There are big mountains, small hills and mountain peaks you still haven't been to. Every time the sun is shining, my heart is restless, because I want to climb mountains. I want to go somewhere and see how wonderful the world looks from up there. I have climbed countless mountains all over the world – in the Himalayas, the Caucasus, the Alps, the Andes, the Pamirs, in Africa, in Alaska, but Norwegian mountains are special. They are different.
I am grateful to destiny for bringing me to the magnificent Valdres mountain region and Beitostølen Resort. One could say my biggest dream has come true - I live in the mountains. I have become acquainted with the Beitostølen area, walked all the mountain trails around here, and climbed Bitihorn and Mugnetind. I am thinking to myself - what next? It's time for the highest mountain in Norway - Galdhøpiggen (2,469 metres above sea level). Besides, this is the right time to undertake the ascent. Finding like-minded fellow climbers is easy, and on a beautiful September day I leave Beitostølen together with my two hiking companions, Bent Johan Pakarinen and Tor Solberg, to conquer the highest peak in Scandinavia.
Early in the morning we are greeted by the sight of Bitihorn wrapped in clouds. This view is always beautiful. Not without reason is this mountain a symbol of Beitostølen. Our path leads us to Valdresflye, which is one of the highest mountain roads in Norway. We get this cosmic feeling, because the mountain plateau stretches as far as the eye can see all around us; it feels like we are in an Alpine desert. In winter this mountain road is closed. Along the way we take in the impressive panoramic views of the Besseggen mountain ridge, the most popular hike in the region. For the next two hours, our path takes us around the famous Jotunheimen National Park.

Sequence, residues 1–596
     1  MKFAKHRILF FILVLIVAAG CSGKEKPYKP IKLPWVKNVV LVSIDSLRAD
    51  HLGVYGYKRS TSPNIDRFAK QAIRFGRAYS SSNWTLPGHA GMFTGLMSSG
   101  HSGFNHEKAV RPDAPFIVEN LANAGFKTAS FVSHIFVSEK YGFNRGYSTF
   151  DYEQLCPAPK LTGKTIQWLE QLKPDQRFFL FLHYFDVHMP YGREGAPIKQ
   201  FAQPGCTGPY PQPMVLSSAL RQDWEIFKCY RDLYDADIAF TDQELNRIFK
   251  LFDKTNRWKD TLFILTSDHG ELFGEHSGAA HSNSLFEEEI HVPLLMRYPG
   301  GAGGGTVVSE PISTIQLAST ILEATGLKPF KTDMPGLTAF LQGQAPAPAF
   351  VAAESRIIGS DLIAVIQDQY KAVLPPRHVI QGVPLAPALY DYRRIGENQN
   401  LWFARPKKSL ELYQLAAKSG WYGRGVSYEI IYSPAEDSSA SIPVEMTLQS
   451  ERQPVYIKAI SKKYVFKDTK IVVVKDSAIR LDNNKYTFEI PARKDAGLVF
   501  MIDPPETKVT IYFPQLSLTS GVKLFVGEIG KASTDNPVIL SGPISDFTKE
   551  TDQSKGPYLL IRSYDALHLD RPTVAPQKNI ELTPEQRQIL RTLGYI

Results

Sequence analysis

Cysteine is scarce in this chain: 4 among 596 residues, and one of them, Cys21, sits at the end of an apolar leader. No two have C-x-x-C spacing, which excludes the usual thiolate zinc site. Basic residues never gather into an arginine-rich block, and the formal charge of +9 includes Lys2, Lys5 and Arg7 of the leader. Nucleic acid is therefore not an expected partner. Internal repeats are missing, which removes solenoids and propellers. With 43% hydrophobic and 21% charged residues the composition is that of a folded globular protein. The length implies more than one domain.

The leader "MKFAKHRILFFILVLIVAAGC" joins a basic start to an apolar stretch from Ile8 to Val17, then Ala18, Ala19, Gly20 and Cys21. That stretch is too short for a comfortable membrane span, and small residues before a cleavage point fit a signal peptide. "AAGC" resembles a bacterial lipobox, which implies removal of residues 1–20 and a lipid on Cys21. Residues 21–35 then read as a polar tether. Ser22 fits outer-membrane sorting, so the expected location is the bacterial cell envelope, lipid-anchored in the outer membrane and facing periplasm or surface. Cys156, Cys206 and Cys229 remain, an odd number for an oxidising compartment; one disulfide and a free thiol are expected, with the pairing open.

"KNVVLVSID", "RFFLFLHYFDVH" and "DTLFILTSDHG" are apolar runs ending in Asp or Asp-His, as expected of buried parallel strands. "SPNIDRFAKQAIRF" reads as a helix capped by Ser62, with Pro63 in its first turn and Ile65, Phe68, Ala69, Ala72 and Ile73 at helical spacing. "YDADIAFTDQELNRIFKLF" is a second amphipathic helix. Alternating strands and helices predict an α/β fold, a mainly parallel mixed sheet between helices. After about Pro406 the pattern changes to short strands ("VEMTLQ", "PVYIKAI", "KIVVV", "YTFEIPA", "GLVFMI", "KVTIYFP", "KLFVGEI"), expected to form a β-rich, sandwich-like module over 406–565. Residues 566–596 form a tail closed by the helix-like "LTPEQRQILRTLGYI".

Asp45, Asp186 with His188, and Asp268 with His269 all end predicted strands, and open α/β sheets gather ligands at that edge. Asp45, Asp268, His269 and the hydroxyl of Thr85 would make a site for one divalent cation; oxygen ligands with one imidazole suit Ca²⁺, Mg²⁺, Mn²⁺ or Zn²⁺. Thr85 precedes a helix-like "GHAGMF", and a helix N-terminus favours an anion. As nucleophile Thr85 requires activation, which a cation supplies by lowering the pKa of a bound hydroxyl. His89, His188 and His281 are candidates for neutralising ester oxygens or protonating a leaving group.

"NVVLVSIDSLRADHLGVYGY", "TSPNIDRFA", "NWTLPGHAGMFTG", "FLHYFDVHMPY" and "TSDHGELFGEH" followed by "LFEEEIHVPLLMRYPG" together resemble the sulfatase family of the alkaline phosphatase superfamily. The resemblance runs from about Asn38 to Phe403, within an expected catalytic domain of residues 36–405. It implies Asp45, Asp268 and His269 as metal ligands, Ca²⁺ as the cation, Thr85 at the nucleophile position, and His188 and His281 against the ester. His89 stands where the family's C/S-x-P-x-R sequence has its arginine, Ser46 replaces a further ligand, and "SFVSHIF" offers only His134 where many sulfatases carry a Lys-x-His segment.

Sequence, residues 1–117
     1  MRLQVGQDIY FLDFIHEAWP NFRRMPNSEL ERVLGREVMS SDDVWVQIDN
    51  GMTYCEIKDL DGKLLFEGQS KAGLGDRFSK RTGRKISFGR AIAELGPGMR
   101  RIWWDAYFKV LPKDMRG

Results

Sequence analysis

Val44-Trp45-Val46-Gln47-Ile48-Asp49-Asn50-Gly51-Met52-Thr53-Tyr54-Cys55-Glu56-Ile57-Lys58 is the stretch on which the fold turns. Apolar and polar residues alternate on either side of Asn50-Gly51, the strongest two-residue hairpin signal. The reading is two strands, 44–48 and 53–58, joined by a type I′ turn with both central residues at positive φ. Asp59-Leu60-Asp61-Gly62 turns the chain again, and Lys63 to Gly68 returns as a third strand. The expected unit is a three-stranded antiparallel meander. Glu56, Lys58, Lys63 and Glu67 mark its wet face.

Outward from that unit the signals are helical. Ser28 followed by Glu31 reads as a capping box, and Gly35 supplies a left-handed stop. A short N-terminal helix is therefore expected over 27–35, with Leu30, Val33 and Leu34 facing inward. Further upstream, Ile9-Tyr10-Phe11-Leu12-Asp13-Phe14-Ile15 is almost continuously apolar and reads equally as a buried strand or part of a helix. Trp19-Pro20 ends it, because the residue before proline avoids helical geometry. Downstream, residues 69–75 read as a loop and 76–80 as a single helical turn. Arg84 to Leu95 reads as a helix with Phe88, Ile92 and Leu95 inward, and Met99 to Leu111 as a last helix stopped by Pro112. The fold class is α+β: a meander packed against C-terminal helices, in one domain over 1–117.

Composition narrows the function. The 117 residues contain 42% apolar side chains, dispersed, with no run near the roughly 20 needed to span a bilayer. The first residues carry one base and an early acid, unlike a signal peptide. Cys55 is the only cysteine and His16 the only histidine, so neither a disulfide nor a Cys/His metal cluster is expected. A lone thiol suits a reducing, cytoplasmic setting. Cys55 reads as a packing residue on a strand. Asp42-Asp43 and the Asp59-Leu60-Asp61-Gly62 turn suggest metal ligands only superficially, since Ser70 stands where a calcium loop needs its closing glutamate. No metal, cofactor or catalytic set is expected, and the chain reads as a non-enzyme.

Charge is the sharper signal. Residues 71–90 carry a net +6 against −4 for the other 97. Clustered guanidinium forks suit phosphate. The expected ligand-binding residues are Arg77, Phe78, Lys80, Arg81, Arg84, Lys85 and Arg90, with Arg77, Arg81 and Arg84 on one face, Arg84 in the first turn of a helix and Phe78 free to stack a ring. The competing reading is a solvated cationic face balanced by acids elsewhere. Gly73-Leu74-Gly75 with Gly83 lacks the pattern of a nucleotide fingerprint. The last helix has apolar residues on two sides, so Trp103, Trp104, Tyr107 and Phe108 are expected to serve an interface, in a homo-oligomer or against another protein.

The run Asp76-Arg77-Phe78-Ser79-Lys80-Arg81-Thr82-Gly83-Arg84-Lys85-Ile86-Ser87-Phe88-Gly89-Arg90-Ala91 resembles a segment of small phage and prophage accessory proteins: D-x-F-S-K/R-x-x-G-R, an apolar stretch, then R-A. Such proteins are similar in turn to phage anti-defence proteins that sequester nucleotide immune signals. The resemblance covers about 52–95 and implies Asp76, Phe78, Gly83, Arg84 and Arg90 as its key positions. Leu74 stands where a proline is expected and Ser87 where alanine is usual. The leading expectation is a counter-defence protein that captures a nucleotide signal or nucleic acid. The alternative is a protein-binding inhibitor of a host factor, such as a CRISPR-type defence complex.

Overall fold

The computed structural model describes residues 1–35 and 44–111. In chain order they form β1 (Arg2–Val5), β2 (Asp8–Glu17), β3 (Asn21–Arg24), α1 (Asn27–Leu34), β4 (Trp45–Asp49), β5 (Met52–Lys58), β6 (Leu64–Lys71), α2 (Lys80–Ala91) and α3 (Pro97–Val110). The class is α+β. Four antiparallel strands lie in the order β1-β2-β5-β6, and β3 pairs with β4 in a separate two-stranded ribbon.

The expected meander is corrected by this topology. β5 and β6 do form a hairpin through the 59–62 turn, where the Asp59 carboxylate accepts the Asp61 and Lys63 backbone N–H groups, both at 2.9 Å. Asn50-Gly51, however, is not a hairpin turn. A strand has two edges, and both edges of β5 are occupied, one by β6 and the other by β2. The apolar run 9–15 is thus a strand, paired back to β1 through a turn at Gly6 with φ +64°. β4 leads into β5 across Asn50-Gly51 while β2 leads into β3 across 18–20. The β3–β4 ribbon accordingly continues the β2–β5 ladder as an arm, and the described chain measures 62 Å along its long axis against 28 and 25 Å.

Galdhøpiggen, Norway's highest peak
We have chosen the longest route to climb Galdhøpiggen, i.e. from the east. We arrive at Spiterstulen mountain lodge early on a cold morning. There are only a few cars in the car park. This is not the most popular route leading to the peak, most climbers choose the easiest and quickest way from Juvasshytta. The weather, however, is excellent. Sunny, blue sky, and wonderful mountain views. The route we have chosen is technically easy, but very long. The trail is well marked. We start our ascent slowly, and climb while enjoying the view.
Actually we are four adventurers, because there is also another famous Valdres mountain climber with us – Rocky, a dog who has climbed countless mountain peaks and walked all the trails in the area. It seems mountain climbing is not a problem for him. Along the way we stop to drink crystal clear water from the mountain streams we cross. Halfway to the top, we notice snow for the first time. When reaching the mountain ridge we get fantastic views of the glaciers and the Juvasshytta lodge on the other side of the mountain.
We can see hundreds of climbers on their way towards the glacier peaks. We are happy we chose the difficult path, because this route allows us to enjoy the peace and magnificent landscapes. The top ridge turns out to be very long. After reaching the first peak, we see that Galdhøpiggen is still ahead covered in glittering snow. After a four-hour ascent we finally reach the summit. Great! There is a cafeteria at the top of Norway's highest mountain and we see many people wanting to take pictures; we have to wait in line to get ours taken. Yes, this mountain top is really popular.
Memories for life
We could not have asked for better weather. It is a bit cold, but we quickly forget about that because of the unique landscapes. From the top the view of the Jotunheimen mountain peaks and glaciers is spectacular. We want to stay here forever. There is nothing quite like it. Jotunheimen is a gorgeous place. Now I can also add Norway's highest peak to the list of mountains I have climbed.
About the author
Andris Malasevskis, 28, is a professional adventurer and mountain climber who has climbed some of the world's highest peaks. Originally from Riga, Latvia, he now lives in Beitostølen, Norway.